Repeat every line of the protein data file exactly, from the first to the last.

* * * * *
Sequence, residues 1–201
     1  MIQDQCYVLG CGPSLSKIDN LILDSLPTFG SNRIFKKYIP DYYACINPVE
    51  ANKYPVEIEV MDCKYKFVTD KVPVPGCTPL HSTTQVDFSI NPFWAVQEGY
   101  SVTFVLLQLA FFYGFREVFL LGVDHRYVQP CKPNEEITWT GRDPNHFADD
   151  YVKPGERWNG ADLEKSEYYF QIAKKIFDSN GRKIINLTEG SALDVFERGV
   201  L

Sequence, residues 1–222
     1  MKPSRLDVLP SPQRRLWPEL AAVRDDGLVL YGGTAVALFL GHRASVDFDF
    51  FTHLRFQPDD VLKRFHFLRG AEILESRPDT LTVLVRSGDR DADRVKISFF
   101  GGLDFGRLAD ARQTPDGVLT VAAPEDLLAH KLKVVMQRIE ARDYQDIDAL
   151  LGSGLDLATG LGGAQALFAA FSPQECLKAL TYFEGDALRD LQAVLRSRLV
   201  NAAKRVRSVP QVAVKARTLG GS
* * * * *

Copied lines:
Sequence, residues 1–201
     1  MIQDQCYVLG CGPSLSKIDN LILDSLPTFG SNRIFKKYIP DYYACINPVE
    51  ANKYPVEIEV MDCKYKFVTD KVPVPGCTPL HSTTQVDFSI NPFWAVQEGY
   101  SVTFVLLQLA FFYGFREVFL LGVDHRYVQP CKPNEEITWT GRDPNHFADD
   151  YVKPGERWNG ADLEKSEYYF QIAKKIFDSN GRKIINLTEG SALDVFERGV
   201  L

Sequence, residues 1–222
     1  MKPSRLDVLP SPQRRLWPEL AAVRDDGLVL YGGTAVALFL GHRASVDFDF
    51  FTHLRFQPDD VLKRFHFLRG AEILESRPDT LTVLVRSGDR DADRVKISFF
   101  GGLDFGRLAD ARQTPDGVLT VAAPEDLLAH KLKVVMQRIE ARDYQDIDAL
   151  LGSGLDLATG LGGAQALFAA FSPQECLKAL TYFEGDALRD LQAVLRSRLV
   201  NAAKRVRSVP QVAVKARTLG GS